The 'Needham Question' is about what happened to China centuries ago. However, there is another 'Question' related to modern China I would like to introduce to you.
What I am always being asked is this:
'What's the secret behind China's decades of fast growth?'
Naturally, there have been many explanations.
Today, I will give you my answer to the two questions – the 'Needham Question' and 'Fast Growth in China'.
My answer is clear and simple.
It is all about innovation.
This is the keyword to explain China's baffling decline and its rapid rise today.
From mid-14th century to the mid 20th century, China's economic decline was not by accident. A range of factors combined to make it happen.
In the Ming and Qing dynasties China had a closed-door policy. Cut off from the world, this created an illusion inside China about its economic superiority. It created conceit among its rulers. It blinded them to fast and deep changes elsewhere in the world. They were unaware of the innovation driving the economies of Europe and later the USA.
Economic historians have estimated that by 1840 China still accounted for a third of global GDP. But the speed of the industrial revolution in the rest of the world was leaving China further and further behind. China's entrenched and self-reliant economy strangled market forces, trade, and crucially innovation. It brought China to a virtual standstill.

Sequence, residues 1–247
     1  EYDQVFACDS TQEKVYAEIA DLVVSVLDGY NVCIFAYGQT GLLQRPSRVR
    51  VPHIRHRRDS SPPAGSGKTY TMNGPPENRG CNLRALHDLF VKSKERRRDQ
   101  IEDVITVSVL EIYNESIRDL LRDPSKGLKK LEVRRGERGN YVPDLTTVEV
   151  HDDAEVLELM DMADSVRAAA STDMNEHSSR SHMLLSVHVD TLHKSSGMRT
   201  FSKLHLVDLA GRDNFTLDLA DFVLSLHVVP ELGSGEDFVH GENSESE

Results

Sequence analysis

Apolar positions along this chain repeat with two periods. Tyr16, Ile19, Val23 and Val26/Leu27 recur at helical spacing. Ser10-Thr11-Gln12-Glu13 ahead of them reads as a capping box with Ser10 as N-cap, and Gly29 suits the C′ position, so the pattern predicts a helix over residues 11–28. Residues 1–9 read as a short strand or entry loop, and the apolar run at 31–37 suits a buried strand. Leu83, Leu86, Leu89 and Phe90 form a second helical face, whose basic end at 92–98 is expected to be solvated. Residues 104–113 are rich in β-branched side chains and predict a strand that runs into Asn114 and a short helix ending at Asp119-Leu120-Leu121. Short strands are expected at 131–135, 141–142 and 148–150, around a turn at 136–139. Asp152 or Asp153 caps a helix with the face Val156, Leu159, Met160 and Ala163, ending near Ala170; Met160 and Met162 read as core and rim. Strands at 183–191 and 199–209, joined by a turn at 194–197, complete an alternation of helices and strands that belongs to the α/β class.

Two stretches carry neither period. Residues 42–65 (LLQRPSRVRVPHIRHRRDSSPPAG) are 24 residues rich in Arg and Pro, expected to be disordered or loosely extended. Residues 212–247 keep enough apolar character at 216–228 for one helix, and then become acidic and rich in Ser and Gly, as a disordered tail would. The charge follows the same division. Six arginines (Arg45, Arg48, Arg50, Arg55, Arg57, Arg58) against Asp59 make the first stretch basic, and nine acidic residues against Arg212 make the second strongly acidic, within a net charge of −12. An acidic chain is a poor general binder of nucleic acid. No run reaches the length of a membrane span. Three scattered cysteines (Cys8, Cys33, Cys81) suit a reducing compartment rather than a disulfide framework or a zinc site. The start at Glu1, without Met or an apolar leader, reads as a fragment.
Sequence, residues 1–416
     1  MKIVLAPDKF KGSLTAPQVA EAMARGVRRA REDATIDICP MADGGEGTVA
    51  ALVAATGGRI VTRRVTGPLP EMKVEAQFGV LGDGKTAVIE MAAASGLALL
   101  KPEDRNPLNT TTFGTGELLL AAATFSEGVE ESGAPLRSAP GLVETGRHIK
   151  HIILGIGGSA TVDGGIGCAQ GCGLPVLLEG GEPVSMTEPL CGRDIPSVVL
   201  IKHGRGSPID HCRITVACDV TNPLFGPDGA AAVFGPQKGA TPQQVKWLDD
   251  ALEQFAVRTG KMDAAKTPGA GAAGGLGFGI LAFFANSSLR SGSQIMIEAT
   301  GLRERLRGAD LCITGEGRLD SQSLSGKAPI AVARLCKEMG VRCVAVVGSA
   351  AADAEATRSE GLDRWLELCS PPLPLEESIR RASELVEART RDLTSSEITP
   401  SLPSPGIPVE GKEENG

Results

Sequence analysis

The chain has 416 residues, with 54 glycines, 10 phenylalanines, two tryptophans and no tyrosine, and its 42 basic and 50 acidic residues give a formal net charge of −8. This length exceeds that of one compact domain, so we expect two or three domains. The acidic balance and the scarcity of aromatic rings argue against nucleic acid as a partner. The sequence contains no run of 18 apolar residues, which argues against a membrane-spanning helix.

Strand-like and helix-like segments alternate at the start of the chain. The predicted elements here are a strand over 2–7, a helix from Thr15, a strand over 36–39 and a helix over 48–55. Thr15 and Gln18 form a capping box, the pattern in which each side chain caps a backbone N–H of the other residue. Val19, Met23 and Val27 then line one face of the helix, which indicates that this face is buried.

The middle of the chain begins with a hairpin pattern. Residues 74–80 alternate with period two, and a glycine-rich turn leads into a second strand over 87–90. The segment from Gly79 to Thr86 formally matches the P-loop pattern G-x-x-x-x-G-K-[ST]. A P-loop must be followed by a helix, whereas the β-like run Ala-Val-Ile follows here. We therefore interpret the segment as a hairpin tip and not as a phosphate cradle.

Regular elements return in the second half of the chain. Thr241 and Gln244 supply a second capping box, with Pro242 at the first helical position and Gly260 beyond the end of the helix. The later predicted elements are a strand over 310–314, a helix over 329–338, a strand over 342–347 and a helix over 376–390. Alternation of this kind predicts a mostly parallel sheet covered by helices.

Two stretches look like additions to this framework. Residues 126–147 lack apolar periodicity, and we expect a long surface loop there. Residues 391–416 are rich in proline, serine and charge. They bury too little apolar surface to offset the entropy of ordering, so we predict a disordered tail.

In China the out-of-date feudal civil service examination forced intellectuals to be preoccupied with past literature. It positively discouraged developing insights necessary to meet challenges of their time.
The invasion of European powers drove China to the brink of collapse.
The result was utter disaster for China.
China failed to develop a can-do spirit. Chinese people lost the drive for institutional and scientific innovation. Even worse, this happened when the industrial and technology revolution began to gather greater and greater momentum elsewhere in the world. China's stagnation sped up its decline in relation to rising western powers.
If China lost itself in the dawning of this new world, then how did it manage to find a path toward rebirth and prosperity?